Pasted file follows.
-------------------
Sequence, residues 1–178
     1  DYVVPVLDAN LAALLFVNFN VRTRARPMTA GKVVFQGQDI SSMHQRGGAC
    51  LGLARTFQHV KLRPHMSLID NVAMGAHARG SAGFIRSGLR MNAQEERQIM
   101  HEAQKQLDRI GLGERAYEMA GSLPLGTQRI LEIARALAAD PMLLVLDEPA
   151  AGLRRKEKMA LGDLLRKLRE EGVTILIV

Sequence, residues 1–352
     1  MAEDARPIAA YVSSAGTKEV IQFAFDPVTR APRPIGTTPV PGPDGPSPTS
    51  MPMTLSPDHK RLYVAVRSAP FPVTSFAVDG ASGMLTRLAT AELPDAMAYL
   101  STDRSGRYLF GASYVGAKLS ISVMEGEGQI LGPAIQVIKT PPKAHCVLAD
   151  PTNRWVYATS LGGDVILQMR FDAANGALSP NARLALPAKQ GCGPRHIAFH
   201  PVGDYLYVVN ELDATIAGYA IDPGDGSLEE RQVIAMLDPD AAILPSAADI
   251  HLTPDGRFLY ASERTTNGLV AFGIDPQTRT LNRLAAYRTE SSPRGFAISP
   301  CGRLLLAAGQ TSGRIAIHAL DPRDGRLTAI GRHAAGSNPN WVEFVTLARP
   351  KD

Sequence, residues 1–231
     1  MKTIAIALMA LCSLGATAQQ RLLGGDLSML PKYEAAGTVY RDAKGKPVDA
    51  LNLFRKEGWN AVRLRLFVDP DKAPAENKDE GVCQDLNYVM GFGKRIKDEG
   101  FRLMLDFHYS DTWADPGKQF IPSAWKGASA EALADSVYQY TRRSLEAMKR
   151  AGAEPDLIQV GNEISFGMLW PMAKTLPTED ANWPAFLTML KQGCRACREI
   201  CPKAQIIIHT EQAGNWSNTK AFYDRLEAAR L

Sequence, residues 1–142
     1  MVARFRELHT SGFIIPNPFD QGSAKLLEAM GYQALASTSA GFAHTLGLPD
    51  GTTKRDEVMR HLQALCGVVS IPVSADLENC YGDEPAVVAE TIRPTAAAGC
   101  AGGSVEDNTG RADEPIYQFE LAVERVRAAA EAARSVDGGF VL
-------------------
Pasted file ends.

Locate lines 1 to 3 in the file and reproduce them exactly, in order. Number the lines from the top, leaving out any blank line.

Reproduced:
Sequence, residues 1–178
     1  DYVVPVLDAN LAALLFVNFN VRTRARPMTA GKVVFQGQDI SSMHQRGGAC
    51  LGLARTFQHV KLRPHMSLID NVAMGAHARG SAGFIRSGLR MNAQEERQIM